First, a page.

The untold truth of Dairy Queen's famous Blizzard

”If they can introduce new flavors, the Blizzard can be as long-lasting as the ice cream cone.” That's what analyst Richard E. Pyle said about the Dairy Queen Blizzard when it burst onto the fast food landscape over three decades ago.

Pyle was certainly correct in his assessment of the frozen treat as there are few desserts that you can get in a drive-thru as decadent, satisfying, and dependable as the Blizzard. In the United States Dairy Queen keeps 11 different signature Blizzards on its menu, but regularly rotates in limited time Blizzards like the Candy Cane Chill or Guardians of the Galaxy Blizzard. (Brownie, cookie, caramel and choco chunks in case you were curious.)

All of this of course adds up to a treat that has helped make Dairy Queen one of the United State's most popular fast food chains with more than 4,400 stores. What you might be surprised to learn, however, is the Blizzard didn't technically come from Dairy Queen... and it's not even ice cream.

It was a hit right out of the gate

Delicious soft serve with candies and cookies blended into the mix is pretty much going to be a surefire hit no matter what you call it. Dairy Queen was already a success story with a 40-year-long history of ice cream treats like banana splits and Dilly bars, but in 1985 the fast food chain added a menu item that would forever alter its history.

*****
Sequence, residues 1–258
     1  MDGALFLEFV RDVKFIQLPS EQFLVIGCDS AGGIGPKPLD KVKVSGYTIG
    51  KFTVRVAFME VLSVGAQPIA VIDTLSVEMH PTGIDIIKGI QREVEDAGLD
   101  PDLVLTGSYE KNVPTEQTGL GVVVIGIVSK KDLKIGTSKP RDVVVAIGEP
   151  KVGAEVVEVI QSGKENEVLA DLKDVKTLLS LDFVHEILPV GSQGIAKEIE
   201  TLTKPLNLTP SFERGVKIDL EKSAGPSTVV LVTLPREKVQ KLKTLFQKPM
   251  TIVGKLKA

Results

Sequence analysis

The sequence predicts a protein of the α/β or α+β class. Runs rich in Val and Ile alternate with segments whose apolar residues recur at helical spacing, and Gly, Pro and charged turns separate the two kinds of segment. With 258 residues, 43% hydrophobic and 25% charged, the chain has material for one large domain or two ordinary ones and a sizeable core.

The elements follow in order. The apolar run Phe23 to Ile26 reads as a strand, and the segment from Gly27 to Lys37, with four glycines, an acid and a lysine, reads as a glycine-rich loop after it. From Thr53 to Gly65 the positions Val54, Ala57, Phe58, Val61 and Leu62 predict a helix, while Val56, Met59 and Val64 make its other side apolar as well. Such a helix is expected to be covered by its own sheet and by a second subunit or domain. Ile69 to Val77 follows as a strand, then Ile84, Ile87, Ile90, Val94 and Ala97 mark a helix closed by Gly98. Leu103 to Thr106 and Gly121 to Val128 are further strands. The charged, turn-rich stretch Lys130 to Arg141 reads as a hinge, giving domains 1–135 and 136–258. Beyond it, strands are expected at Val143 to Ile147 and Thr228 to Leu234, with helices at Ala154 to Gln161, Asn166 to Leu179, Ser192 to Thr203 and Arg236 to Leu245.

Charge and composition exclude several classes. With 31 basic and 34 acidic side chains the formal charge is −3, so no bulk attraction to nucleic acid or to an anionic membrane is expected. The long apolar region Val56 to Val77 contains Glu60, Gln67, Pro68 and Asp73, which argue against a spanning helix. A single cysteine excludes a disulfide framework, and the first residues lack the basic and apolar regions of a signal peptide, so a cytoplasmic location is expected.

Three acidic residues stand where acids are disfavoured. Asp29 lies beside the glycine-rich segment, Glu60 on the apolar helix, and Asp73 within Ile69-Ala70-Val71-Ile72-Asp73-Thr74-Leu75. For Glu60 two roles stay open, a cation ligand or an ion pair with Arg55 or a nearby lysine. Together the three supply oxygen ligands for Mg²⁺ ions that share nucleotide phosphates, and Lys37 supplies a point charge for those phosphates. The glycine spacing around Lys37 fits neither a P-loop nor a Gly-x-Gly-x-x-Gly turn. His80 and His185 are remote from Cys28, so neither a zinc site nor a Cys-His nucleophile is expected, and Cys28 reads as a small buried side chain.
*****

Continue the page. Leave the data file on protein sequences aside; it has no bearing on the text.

Obviously, we're talking about the Blizzard and when it debuted people couldn't get enough of the frozen treat. ”I need my fix of cookies, ice cream and chocolate, and it's all here in this cup,” Edward Weaver told The New York Times back in 1986. The Blizzard rolled out in Dairy Queen locations in 1985, and by 1986 the company was predicting to sell 175 million Blizzards — almost twice what it sold in the first year. Dairy Queen's president at the time, Harris Cooper, called it "the biggest thing that has happened to Dairy Queen in the last 25 years."

Considering just how popular DQ's Blizzards still are 30-something years later, it's fair to say Cooper was spot-on with his assessment.

A Dairy Queen operator invented the frozen treat

The Blizzard wasn't invented in some high-rise board room or fast food think tank, but by a Dairy Queen franchise holder in Missouri. Samuel Temperato was one of the company's most successful franchisees and owned 67 of the restaurants in the St. Louis area at the time of the Blizzard's creation. He would eventually expand his ice cream empire to 81 Dairy Queens.